In 2014, after eight long years of work, Washington state updated its high school graduation requirements. The League of Education Voters worked with partners and community members to pass this 24-credit College and Career Ready Diploma.

Now the work begins for many school districts in implementing the new diploma. However, a number of districts are ahead of the game, and some have been for many years.

West Valley High School logoOne such school district is West Valley, in the Yakima area. West Valley began requiring 24 credits for high school graduation beginning in the 2001–2002 school year, when they increased their English language and social studies requirements. The second phase of the transition to a College and Career Ready Diploma happened in the 2006–2007 school year, when the district increased their math and science requirements. In 2013, more than 80 percent of their seniors graduated from high school, and of those who graduated, 67 percent continued onto college.

The move to a College and Career Ready Diploma is part of a larger strategic plan laid out for West Valley by Superintendent Dr. Mike Brophy. The plan emphasizes all areas of an education continuum, beginning with early learning and continuing through postsecondary training. The district has developed collaborate relationships with preschool and childcare facilities, both public and private, throughout the region in order to support early childhood education in their future students. The district has also implemented full-day kindergarten, benchmarks for math and reading in elementary and middle school, and rigorous high school academics that prepare students for their next step in life.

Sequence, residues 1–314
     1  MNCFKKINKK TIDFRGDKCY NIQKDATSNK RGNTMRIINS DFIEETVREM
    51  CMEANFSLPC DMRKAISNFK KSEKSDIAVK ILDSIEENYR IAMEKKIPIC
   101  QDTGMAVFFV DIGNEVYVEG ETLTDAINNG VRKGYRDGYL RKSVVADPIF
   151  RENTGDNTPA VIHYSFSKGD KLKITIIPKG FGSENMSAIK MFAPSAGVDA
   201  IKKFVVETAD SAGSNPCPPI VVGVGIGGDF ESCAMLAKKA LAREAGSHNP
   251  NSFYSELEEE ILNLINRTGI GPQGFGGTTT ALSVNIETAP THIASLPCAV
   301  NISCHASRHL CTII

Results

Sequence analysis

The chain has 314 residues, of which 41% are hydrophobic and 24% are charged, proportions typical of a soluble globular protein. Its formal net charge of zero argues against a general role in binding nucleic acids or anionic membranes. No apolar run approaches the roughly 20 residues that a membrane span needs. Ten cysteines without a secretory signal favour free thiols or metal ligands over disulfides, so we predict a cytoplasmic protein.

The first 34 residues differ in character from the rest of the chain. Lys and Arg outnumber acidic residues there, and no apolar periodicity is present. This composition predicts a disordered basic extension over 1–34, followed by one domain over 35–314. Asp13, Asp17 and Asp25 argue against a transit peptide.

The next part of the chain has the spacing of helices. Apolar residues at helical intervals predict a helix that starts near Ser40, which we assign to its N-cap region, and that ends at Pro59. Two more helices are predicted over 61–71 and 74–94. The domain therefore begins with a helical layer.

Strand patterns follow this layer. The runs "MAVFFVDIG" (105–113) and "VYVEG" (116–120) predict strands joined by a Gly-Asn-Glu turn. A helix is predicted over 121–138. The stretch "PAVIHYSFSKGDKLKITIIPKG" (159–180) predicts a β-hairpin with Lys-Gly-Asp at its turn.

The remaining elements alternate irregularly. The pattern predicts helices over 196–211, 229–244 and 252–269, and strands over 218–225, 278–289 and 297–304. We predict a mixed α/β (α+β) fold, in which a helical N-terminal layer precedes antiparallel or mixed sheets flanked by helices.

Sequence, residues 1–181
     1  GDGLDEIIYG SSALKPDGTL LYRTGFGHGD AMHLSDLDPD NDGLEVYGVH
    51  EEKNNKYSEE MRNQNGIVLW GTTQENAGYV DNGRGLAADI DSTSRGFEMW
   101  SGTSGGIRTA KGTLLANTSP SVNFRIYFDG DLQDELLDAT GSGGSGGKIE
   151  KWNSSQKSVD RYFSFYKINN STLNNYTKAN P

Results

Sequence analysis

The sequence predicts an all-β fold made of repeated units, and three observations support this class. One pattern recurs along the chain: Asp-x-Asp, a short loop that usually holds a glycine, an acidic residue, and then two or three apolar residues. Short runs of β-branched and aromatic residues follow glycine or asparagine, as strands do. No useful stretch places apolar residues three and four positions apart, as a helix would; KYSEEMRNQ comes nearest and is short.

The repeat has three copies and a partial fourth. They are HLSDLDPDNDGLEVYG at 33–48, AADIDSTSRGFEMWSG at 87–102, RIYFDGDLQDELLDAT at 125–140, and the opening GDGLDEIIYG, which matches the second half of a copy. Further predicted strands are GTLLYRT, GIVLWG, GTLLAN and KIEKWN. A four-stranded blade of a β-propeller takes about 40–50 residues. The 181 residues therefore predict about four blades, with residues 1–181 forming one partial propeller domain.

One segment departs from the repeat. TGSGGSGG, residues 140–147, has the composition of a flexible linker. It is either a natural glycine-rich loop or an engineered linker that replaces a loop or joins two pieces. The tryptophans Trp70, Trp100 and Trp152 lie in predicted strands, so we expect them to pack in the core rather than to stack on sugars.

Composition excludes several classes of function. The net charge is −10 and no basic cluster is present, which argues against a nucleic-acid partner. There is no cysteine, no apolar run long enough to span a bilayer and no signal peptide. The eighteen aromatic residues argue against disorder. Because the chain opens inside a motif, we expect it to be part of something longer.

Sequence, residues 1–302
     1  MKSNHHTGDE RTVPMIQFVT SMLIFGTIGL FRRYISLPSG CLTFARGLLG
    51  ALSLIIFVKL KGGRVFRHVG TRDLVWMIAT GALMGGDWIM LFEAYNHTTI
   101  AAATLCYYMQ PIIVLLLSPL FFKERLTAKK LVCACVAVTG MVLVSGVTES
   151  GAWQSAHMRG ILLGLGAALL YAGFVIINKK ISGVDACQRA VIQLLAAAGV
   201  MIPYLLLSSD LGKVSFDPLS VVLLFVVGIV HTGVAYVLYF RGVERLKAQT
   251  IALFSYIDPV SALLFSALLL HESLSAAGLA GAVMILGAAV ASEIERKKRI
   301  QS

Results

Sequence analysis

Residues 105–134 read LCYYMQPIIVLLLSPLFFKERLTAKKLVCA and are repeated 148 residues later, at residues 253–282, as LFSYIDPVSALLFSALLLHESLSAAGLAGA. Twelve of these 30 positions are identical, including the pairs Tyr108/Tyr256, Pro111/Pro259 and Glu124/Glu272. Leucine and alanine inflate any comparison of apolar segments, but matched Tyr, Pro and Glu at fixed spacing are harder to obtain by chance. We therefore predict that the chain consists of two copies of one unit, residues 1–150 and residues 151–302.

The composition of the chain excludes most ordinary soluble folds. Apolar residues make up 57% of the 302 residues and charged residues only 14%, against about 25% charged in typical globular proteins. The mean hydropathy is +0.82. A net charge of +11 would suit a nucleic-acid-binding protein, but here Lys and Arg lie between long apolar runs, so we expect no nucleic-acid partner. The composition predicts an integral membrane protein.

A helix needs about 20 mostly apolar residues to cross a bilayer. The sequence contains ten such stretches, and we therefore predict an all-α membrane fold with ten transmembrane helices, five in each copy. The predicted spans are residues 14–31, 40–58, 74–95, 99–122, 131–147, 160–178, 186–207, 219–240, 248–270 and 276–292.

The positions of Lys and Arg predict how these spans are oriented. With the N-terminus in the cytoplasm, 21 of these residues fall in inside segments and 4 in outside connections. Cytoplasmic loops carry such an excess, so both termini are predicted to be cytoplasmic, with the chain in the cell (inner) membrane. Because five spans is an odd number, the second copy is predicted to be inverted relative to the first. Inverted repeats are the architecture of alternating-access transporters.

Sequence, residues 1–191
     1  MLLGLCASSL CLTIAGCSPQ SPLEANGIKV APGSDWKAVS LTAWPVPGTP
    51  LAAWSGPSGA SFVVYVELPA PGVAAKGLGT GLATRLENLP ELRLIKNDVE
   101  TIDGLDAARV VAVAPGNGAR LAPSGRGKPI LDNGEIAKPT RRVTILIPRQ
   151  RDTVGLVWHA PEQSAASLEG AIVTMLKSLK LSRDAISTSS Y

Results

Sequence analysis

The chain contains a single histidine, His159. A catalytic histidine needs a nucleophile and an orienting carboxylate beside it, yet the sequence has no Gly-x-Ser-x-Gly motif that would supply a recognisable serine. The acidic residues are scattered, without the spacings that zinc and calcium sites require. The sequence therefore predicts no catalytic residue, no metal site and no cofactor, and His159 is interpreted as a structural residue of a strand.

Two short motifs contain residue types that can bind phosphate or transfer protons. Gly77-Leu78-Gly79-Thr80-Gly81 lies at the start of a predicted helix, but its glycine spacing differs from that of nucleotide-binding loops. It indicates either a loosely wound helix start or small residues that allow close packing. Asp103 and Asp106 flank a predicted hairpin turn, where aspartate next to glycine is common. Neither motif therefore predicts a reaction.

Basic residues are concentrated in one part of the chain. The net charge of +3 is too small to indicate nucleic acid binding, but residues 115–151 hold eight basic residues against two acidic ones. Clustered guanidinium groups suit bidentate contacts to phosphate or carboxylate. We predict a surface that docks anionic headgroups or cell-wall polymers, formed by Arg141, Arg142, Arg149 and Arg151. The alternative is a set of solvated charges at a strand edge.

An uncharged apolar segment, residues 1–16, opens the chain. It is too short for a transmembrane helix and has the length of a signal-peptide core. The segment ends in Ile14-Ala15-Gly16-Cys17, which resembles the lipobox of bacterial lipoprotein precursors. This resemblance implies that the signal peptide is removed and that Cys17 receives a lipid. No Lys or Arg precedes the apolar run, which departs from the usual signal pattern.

But the term “college and career ready” is a misnomer, says Chris Nesmith, Career and Technical Education (CTE) Director for West Valley School District. The ultimate goal, he says, is to get students ready for their career. This will most certainly include some form of postsecondary education or training, which may be college, or may be some other form of vocational or technical training. Being “college ready” isn’t enough, either. “The goal is not to get students to college and wish them luck. The goal is to get them through college and ready for their career.”

As part of their work to graduate all students ready for life after high school, West Valley began offering sixteen different CTE programs and created a comprehensive CTE program planner to help students plan for high school and beyond. If they plan out their courses carefully, Chris says, students could complete two different programs by the time they graduate. West Valley is also offering as many dual-credit, AP, and College in the High School courses as it can so that students have as many options as possible. Students are taking advantage of those options, too. In 2013–2014, about 79 percent of high school juniors and seniors were enrolled in dual-credit courses.

Dr. Peter Finch, Assistant Superintendent of Teaching and Learning for West Valley School District, says that their success is thanks to their support of both students and teachers. “We invest in students but we also really invest in our teachers. Every new teacher is matched with a mentor for their first two years of teaching. And every student has a high-quality teacher every day.”

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